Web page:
An EIA is a lousy alternative to mutual funds or stocks, but can be a great alternative to CD's or bonds. I wouldn't buy one becausebI don't buy CD's or bonds.
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Old 08-15-2011, 06:54 PM   #35
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Clarification in blue...

Quote:
If you buy a CD, you're giving loaning your money to a bank, they loan it out, subtract their expenses and profits, and give you the remainder in a stated rate, without charging you a sales commission.

If you buy a traditional deferred annuity, you're giving your money to an insurance company, who pays the annuity salesman a commission from the money you gave them.

If you buy an index annuity, the insurance company takes your money and pays the annuity salesman a big commission from the money you gave them.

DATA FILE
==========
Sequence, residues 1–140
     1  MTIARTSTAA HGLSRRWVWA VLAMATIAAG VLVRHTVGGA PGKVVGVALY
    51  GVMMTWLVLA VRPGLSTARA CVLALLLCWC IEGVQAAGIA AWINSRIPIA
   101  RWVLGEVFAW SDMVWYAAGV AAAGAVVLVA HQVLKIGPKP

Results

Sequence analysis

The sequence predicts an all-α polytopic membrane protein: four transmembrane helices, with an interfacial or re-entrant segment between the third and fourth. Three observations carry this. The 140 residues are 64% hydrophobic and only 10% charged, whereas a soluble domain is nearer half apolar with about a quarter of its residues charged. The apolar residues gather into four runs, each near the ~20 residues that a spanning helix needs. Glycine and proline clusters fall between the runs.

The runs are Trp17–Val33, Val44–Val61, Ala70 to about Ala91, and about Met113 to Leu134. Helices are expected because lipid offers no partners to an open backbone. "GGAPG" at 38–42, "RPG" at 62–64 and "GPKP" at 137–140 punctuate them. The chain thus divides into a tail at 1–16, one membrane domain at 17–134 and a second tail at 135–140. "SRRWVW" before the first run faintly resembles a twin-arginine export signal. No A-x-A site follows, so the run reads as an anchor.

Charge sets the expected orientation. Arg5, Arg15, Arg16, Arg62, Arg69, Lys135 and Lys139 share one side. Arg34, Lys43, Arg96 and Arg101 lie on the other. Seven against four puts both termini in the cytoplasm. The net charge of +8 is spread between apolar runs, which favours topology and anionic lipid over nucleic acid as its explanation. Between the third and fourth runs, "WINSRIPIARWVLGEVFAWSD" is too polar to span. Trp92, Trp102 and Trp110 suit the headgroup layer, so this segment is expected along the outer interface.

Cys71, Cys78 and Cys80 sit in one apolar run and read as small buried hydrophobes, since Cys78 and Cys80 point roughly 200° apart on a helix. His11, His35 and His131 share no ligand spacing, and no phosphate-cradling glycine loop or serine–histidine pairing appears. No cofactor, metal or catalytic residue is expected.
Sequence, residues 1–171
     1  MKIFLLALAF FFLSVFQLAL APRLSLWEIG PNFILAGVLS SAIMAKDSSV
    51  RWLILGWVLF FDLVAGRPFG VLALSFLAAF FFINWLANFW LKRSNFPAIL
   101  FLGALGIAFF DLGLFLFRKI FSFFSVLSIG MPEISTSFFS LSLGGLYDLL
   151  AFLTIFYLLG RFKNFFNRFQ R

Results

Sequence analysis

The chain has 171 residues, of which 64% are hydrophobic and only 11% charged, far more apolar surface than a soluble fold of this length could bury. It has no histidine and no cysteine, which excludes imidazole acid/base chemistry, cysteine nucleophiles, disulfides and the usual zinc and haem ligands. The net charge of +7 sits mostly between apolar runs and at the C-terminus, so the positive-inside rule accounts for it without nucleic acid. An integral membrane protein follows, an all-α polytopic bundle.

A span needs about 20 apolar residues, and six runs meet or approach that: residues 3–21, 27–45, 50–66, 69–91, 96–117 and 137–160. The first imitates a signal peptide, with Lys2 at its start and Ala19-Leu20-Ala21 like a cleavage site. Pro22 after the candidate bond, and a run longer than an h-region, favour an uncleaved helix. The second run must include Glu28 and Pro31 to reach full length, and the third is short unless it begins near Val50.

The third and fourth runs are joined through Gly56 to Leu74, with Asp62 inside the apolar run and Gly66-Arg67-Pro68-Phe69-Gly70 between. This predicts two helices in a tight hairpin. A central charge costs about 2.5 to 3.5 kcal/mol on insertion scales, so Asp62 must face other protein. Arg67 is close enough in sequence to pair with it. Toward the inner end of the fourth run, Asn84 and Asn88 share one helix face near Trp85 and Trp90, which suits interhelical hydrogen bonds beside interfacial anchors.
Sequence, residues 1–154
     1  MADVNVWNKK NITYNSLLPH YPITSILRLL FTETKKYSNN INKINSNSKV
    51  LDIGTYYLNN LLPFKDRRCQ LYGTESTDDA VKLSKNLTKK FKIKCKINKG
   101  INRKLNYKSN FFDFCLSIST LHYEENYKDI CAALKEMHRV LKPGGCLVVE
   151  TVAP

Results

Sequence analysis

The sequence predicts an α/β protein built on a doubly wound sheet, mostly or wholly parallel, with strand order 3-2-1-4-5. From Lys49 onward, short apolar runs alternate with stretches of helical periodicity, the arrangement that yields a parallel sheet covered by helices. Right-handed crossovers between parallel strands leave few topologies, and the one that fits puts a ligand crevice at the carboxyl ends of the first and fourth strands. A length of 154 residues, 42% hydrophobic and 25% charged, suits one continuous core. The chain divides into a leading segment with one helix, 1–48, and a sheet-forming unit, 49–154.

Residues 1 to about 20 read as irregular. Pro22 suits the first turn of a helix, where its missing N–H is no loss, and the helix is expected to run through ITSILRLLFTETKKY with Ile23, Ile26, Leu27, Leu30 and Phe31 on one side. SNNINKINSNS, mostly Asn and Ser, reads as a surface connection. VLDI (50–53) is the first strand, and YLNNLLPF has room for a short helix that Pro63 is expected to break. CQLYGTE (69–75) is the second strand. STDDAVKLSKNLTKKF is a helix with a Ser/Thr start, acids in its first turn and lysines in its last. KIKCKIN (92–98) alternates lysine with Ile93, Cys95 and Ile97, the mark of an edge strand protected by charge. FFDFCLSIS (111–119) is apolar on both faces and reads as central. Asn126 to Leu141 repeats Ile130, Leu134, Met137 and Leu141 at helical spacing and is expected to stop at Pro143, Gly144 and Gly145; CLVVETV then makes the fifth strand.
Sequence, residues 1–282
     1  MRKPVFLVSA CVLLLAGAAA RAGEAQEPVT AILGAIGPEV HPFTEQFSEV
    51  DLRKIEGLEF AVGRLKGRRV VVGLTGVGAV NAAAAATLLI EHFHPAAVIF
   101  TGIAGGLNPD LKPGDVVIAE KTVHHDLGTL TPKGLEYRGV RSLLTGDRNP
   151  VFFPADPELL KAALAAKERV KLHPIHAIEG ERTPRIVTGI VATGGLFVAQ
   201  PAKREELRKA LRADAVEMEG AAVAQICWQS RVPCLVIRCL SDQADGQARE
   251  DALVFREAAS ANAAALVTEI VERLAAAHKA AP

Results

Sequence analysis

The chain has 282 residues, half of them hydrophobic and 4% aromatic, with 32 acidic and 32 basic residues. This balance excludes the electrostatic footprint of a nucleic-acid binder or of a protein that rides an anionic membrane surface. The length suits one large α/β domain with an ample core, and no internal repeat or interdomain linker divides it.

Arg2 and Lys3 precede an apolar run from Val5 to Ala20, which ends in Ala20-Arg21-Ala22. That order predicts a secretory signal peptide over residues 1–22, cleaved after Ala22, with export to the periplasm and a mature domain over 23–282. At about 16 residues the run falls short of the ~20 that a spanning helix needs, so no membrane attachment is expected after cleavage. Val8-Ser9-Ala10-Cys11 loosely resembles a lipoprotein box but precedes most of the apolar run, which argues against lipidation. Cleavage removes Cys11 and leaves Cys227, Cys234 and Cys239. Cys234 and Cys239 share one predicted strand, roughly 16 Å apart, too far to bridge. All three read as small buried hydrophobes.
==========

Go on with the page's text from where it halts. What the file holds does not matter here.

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Old 08-15-2011, 07:00 PM   #36
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I didn't mean to hurt your feelings with my Vanuard comment...
You didn't hurt my feelings nor did you respond to any of my questions - and in not doing so, perhaps you did provide the information I was seeking.

On we go...
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Old 08-15-2011, 07:10 PM   #37
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So the cost of the bank paying multiple branch vice presidents to surf the net and cashiers to chew bubblegum and gossip while waiting for someone to walk up doesn't affect CD rates? That's just free?

Fixed Annuities don't charge any loads or expenses, were you under the impression they do?
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Old 08-15-2011, 07:12 PM   #38